The Student News Site of Tarrant County College

The Collegian

The Student News Site of Tarrant County College

The Collegian

The Student News Site of Tarrant County College

The Collegian

Viewpoint-Tarrant needs boost to different mind-set

By Julissa Treviño/reporter

With its strong arts community, the idea that Tarrant County is one of the most conservative counties in Texas had not crossed my mind.

Based on the way its citizens tend to vote, the county has been designated conservative—primarily Republican. As a state, Texas is religious, traditional and slow to accept change, making it a conservative state.

However, we should try to overcome and change that by all means.

I fear the connotations of conservatism, just as I dislike the connotations of liberal. Both, when applied to large communities, represent narrow-mindedness. When used to describe a society, their true meanings are lost and become the stereotypes associated with those meanings.

Conservative is synonymous with traditional and unprogressive. For a county with a rapidly growing economy, should we be unprogressive? Would that not hold us back while the world moves ahead?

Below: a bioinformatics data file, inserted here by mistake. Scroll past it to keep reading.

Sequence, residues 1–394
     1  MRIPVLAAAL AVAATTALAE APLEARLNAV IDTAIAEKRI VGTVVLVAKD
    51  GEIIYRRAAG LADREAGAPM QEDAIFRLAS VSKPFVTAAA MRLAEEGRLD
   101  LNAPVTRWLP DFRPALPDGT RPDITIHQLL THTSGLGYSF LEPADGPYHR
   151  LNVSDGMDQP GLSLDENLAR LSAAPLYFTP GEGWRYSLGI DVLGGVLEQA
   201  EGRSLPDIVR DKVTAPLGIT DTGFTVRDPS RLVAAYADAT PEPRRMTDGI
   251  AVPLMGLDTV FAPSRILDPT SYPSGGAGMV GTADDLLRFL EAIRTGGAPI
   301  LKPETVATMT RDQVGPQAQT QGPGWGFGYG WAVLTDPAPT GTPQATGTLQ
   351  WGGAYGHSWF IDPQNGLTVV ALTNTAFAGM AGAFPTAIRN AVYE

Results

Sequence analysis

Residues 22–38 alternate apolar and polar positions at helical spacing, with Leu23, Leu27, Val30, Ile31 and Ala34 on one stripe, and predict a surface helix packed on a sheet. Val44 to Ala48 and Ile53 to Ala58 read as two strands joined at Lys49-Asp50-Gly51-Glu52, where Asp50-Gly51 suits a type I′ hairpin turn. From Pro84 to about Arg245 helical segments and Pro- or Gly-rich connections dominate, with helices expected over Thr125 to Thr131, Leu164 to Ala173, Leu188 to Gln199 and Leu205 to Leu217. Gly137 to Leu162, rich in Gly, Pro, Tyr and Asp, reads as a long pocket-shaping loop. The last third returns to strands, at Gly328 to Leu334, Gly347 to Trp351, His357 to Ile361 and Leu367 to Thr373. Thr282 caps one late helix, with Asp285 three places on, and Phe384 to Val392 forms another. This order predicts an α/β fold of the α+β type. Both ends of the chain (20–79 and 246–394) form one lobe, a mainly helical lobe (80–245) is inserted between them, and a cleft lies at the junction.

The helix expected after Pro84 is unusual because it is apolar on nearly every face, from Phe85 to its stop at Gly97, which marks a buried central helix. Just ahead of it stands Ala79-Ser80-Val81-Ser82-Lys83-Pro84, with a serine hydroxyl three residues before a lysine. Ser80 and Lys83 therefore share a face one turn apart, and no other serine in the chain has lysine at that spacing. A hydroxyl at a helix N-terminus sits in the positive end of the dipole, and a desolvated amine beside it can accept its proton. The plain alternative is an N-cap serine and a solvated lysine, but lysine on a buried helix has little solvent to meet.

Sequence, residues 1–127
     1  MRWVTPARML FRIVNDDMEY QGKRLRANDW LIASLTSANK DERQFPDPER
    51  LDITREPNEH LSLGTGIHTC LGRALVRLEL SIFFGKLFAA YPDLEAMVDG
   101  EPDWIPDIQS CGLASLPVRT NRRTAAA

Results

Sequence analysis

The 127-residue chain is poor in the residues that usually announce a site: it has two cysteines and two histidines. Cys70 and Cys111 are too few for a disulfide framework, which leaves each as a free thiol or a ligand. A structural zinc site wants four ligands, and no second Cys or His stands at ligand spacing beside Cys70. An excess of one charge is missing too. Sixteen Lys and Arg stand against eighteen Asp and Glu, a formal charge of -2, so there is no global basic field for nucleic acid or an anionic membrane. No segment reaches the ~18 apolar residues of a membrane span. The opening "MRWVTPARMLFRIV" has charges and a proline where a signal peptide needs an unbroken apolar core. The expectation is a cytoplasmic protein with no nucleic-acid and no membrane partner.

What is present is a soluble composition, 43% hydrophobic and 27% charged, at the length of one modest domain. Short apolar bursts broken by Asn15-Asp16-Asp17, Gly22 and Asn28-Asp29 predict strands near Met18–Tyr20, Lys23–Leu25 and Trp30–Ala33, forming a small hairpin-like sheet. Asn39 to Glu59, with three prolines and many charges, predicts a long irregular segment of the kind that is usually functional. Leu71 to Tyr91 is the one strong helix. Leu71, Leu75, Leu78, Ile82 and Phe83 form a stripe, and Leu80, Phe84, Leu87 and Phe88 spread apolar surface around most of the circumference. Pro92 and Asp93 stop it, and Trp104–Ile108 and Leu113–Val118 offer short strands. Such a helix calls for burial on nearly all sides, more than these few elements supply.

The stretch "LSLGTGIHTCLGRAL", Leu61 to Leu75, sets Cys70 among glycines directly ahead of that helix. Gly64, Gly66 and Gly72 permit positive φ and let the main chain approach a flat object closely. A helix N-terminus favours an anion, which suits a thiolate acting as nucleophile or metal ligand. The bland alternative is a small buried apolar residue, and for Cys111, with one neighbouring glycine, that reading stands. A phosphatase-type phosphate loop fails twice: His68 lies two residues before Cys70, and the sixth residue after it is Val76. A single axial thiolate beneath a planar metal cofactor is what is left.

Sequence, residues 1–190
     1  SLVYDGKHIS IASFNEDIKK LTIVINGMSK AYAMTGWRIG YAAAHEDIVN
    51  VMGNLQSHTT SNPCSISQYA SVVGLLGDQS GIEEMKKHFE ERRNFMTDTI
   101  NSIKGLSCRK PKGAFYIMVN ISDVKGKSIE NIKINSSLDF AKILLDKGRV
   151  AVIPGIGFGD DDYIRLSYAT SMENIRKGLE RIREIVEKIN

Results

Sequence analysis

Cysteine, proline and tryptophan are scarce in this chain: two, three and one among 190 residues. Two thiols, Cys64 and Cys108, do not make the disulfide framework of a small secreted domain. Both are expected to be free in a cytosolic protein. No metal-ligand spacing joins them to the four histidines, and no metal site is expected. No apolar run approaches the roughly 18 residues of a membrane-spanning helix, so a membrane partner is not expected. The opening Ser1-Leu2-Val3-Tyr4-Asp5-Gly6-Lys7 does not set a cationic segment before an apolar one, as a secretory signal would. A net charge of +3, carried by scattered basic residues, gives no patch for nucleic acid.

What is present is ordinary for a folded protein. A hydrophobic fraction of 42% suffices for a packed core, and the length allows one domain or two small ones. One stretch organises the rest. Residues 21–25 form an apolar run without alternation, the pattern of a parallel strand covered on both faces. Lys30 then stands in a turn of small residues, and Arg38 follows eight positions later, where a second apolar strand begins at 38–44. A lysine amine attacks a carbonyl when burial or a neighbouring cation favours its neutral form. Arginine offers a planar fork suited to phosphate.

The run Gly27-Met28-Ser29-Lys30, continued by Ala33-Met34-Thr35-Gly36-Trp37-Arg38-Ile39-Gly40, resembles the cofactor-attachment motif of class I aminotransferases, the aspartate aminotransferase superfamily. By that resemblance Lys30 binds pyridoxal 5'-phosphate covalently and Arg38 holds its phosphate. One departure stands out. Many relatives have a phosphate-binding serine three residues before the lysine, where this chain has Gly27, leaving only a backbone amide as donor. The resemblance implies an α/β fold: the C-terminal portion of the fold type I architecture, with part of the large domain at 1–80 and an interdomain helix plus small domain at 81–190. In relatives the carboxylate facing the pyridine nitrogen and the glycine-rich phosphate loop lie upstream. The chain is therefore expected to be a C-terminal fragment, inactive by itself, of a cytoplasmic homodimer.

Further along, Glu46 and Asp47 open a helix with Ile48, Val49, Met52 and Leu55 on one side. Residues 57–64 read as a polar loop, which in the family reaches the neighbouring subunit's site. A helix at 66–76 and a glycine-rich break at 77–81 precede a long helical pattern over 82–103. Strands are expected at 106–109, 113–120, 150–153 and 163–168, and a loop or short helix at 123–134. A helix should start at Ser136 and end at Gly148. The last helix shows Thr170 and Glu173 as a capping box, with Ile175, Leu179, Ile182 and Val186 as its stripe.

As a Tarrant resident, I do not want to be seen as traditional and unprogressive.

By being so conservative, we limit ourselves to a great extent. Without change in our social views to accommodate contemporary standards, we will become a stagnant society.

Tarrant County should not necessarily turn liberal, but compared to certain places in the country, our views do not match contemporary beliefs and can even be considered obsolete. Remaining so tied to traditional beliefs, we cannot compete with these places as representation of progress.

Despite Tarrant County’s being far more conservative than the U.S. as a whole, that this country is conservative compared to the world. While we’ve been an international power from our beginnings, we cling to antiquated ideas and are slow to make real progress.

National Public Radio recently ranked the U.S. 68th in the number of females voting in major elections. This is staggering, but this number symbolizes how slow we are to adapt to changes—changes made in 1919.

Children take their parents comments as fact, and if most parents have conservative mind-sets, so will their children. This cycle leads to closed-mindedness and little tolerance.

Over time, I hope more people realize that while we are generally conservative, we desperately need to be more tolerant and open-minded. It is the only way we can see any progress as a society.

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